The latest poll showed a record two-thirds of Germans would favour a re-run of a left-right “grand coalition” between the two big parties, Merkel’s conservatives and the centre-left Social Democrats (SPD).
For now Merkel, whose centre-right CDU won the September 22nd vote, is keeping her options open and has agreed to more talks early next week with both the SPD and the left-leaning and ecologist Greens.
In the end “the typically cautious Merkel will probably still prefer the tested combination with the SPD”, with whom she governed in her first term, said an analysis by Berenberg Bank. “We see an 80-percent probability for a grand coalition in Germany.”
On Friday – a day after the conservatives held their first exploratory talks with the Greens, described as cordial by both sides despite many points of conflict – Merkel and CSU chief Horst Seehofer met quietly with SPD chief Sigmar Gabriel in the chancellery.
Merkel has already engaged in talks with the centre-left SPD, but on Thursday the conservatives made clear they are keeping their options open with the Greens.
Emerging from three hours of closed-door talks in Berlin, all three parties praised the constructive spirit of the talks and said they would meet again next Tuesday at 3pm, a day after the second round of SPD talks with Merkel’s delegation.
CDU general secretary Hermann Gröhe said the negotiating partners had found they shared “common goals” in areas such as eurozone policy, Germany’s shift from nuclear to renewable power and social integration. But he also noted “considerable differences” in how to achieve them.
He said all three parties therefore found “it makes sense and is necessary” to keep talking.
The Bavarian CSU’s Alexander Dobrindt, one of the biggest critics of the left-leaning Greens, noted that “the distance between the Greens and us is a little bigger than between the SPD and us”, but said this made a second round all the more important.
The Greens’ Cem Ozdemir spoke of a “positive atmosphere, a friendly mood…with the necessary seriousness” in the talks on how to govern Europe’s biggest economy.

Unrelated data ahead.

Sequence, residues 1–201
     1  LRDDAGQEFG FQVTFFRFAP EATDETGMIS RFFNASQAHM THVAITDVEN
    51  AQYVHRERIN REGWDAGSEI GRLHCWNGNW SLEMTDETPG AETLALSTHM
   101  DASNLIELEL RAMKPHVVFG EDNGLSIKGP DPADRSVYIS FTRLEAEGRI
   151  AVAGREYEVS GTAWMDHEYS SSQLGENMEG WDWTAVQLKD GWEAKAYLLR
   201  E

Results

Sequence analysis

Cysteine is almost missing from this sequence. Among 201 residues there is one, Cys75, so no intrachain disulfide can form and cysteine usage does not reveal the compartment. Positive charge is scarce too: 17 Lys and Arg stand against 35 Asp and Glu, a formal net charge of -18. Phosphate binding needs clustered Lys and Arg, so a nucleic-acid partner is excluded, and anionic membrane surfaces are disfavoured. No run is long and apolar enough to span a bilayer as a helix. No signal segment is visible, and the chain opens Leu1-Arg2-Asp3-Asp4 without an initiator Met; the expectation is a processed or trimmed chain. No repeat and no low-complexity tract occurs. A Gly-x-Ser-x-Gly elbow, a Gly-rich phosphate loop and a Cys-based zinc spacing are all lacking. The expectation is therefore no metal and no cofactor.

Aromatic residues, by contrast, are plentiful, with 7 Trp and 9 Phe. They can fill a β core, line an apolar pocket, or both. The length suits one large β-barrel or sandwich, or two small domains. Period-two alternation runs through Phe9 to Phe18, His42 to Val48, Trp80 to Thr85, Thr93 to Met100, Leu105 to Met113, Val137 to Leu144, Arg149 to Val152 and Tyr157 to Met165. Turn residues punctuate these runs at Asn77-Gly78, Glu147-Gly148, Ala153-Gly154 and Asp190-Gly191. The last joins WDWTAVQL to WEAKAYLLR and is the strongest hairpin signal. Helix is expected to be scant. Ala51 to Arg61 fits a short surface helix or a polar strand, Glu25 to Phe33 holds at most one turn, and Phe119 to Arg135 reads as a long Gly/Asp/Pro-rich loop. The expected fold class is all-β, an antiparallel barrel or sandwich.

‘We are not getting through’
But he also said that the Greens had found that on some issues “we are not getting through”, and that combating climate change and other topics had not yet been touched on.
Merkel in her first two terms already ruled with two coalition partners – the SPD and then the pro-business Free Democrats (FDP) who crashed out of parliament in the last election.
Some observers say that the famously pragmatic Merkel may be tempted to woo a third partner, the Greens, in her third term, although the alternative view says she would prefer a far more stable “grand coalition” with the SPD.
An Emnid institute poll this week found 46-percent support for a “grand coalition” and 22-percent backing for a conservatives-Greens tie-up.
However, asked which scenario was more likely, 79 percent named a “grand coalition” and only nine percent an alliance with the Greens.
Either way, the CDU had signalled it is serious about talking to the Greens, not just playing them against the bigger SPD to gain leverage.
The Greens, meanwhile, have been badly torn about a power pact with Merkel, which the party’s “fundamentalist” wing regards as the ultimate betrayal of Green ideals.
But what started as a protest party has become increasingly mainstream as German society has turned greener. The Greens have already had a stint in government, with the SPD from 1998 to 2005, during which the once avowedly pacifist party signed off on Germany’s military deployment to Afghanistan.
Merkel in 2011 adopted the Greens’ core demand of a nuclear phase-out, reacting to the public mood after Japan’s Fukushima disaster.
Environment Minister Peter Altmaier told this week’s news magazine Der Spiegel that “the chances of a coalition with the Greens have risen in recent days from ‘theoretical’ to ‘conceivable'”.
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